Three versions of the RA

This section is about three different RA macrostructures, namely 'The Experimental RA' (IMRAD or IMRD), 'The Logical Argument RA' and 'The Essay Style RA'.

Instructional video from the free online MOOC "Writing in English at University" which was developed at Lund University in 2016.

The Experimental RA (IMRAD or IMRD)

The Experimental RA, as the name implies, is frequently used to report one or several experimental studies. It is commonly referred to as the Introduction-Methods-Results-Discussion structure, hence the abbreviation IMRD. You sometimes also see the acronym IMRAD, where the letter A stands for the word 'and'.

In this section, first, a structural overview of the IMRD will be given. After that, the characteristics of each of the four sections will be explained and discussed.

The common structures of an experimental RA

Even though the typical IMRD article consists of four parts, there exist a couple of different alternatives for how to structure it. Glasman-Deal (2010) suggests the following alternations:



Data Analysis

Data Analysis

and Discussion

Data Analysis




Discussion and Conclusion





Table based on Glasman-Deal (2010)


As can be seen in the table, the first two sections, Introduction and Methods, are seen as fixed elements, whereas there is a choice with regard to which structure to use after that. This is illustrated by the four columns, each indicating an alternative structure that can be used.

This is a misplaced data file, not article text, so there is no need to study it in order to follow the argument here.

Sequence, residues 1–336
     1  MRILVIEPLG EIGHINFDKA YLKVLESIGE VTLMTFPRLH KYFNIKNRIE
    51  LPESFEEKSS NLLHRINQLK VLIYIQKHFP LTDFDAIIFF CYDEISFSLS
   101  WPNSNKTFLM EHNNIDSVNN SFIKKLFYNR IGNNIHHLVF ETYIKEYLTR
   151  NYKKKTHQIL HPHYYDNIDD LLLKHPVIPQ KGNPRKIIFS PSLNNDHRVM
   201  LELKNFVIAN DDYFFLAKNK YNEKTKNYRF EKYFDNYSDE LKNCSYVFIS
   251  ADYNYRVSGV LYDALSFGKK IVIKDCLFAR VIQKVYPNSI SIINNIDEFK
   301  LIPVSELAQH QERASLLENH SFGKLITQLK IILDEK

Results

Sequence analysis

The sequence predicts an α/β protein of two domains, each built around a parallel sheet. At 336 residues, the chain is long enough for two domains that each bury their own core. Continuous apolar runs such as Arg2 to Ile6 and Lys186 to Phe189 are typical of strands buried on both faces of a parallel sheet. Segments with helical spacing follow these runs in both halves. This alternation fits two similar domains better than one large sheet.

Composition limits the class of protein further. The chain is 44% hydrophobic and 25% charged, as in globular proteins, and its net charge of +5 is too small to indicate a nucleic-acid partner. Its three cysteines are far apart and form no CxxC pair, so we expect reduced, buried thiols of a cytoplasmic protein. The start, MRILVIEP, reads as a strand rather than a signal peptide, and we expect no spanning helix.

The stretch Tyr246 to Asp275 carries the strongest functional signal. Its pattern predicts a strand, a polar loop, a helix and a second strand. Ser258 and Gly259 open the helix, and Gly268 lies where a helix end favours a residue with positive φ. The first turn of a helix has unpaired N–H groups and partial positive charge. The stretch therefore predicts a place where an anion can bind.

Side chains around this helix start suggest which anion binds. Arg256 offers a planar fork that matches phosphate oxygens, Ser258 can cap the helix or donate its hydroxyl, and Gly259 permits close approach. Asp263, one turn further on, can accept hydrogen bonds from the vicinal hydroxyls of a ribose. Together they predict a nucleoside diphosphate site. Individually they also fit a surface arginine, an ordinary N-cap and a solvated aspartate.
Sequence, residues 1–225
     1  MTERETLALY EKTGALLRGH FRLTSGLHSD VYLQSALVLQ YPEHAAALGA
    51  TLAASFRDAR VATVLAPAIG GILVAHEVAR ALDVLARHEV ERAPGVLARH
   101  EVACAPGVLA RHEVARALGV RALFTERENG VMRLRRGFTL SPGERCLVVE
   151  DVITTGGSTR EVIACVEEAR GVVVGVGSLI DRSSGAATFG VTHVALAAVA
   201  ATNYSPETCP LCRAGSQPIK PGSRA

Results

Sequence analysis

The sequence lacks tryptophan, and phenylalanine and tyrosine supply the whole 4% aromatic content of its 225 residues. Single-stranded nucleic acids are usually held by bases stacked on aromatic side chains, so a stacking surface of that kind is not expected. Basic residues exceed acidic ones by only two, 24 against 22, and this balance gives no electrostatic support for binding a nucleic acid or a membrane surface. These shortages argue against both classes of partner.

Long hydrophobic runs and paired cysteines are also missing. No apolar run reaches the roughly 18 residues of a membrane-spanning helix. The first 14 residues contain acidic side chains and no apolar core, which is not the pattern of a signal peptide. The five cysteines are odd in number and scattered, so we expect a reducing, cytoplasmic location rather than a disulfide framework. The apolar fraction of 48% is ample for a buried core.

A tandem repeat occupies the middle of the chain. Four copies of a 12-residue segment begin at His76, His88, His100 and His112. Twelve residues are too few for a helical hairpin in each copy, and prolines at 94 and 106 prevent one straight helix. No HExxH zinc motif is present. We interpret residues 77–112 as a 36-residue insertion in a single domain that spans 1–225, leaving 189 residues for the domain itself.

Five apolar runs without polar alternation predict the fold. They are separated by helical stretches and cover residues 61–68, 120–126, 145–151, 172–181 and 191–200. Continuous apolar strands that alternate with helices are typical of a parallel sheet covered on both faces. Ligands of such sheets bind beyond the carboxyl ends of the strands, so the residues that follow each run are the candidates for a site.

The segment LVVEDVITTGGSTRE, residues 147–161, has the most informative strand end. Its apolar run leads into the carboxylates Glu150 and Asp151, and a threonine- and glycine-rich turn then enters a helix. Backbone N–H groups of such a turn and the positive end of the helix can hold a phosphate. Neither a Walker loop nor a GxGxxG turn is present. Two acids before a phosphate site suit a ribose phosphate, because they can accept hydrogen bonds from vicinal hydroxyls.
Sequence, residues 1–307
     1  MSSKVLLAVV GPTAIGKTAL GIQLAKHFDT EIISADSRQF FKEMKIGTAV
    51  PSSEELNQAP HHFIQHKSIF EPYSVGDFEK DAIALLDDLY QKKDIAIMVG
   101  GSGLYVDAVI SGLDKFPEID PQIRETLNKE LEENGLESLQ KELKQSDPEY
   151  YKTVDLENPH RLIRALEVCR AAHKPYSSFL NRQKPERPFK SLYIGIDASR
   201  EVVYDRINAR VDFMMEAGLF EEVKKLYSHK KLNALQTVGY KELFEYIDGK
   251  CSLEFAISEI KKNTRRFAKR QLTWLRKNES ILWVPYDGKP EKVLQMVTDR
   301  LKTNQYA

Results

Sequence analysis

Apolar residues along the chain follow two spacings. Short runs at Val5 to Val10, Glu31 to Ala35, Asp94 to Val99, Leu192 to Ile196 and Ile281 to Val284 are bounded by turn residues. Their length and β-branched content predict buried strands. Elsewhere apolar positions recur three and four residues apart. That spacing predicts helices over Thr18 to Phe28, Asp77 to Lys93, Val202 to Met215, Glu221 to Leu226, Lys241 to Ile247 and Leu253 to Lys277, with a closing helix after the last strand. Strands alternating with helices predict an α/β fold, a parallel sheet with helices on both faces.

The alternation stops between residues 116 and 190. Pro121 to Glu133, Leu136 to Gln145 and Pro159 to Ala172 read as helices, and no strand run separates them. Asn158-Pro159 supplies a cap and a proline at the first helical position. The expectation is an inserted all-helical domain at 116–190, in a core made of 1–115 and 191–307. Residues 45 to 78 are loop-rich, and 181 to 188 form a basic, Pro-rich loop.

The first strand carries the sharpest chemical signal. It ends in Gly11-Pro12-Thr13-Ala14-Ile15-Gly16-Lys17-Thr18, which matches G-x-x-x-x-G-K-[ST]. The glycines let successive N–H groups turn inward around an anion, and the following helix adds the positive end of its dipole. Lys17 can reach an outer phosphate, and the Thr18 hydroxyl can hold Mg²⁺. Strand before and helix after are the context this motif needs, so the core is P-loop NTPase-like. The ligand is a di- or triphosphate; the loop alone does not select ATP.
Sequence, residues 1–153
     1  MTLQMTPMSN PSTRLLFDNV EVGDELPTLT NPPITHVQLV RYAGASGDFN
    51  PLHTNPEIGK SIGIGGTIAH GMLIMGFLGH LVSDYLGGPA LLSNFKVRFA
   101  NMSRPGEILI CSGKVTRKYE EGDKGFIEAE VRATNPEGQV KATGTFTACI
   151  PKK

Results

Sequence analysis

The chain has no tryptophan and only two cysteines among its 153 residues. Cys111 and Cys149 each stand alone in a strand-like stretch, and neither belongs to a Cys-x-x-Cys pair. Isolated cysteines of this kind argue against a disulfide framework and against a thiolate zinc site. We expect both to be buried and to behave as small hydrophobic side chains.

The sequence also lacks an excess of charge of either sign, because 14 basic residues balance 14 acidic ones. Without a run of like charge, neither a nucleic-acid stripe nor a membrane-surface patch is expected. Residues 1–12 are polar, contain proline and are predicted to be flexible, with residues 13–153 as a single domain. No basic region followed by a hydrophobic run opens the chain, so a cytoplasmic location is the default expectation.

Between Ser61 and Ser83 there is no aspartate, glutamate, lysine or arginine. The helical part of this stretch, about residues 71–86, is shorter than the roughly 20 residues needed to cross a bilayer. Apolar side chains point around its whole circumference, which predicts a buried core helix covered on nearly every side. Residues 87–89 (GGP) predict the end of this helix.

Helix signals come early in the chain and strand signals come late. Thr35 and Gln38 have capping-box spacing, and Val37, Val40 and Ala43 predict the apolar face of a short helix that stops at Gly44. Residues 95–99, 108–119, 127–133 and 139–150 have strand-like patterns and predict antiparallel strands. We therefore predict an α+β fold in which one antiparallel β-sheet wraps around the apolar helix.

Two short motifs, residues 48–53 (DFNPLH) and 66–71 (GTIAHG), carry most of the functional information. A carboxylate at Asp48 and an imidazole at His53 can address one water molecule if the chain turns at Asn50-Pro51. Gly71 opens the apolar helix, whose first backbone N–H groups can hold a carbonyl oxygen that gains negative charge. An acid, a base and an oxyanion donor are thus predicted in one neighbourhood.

It is worth pointing out that a specific Conclusion section is sometimes featured in an IMRD article, and sometimes it is part of a joint section together with Discussion. In some cases, it is difficult to make a distinction between the contents and function of a Discussion and a Conclusion section.

In most cases, an IMRD research article starts off with an abstract. Please see the subsection on abstracts in the AWELU material.

Advice: Which article sections should be used? (click to expand/contract)

When in doubt, always consult a journal's style sheet or the editor(s) of a book volume, or, if relevant, a supervisor, as to which sections should be used in each particular case.


Introductions are as important as they are problematic. When writing an introduction, an author has to make a number of difficult decisions about, for instance, how much background knowledge can be assumed on the part of the readers, and how quickly to move towards the more detailed problem or question that the paper will address.

In an influential piece of work on how research articles are structured, Swales (1990) argues that introductions typically follow certain rhetorical movements. Swales calls his model CARS, which stands for Create a Research Space. As the name implies, an introduction can be characterised by its purpose of persuading a reader that the research field is important and significant.

The CARS model can be seen here:

Swales' Create a Research Space (CARS) model for RA introductions (click to expand/contract)

MOVE 1     Establishing a territory                                               

Step 1     Claiming centrality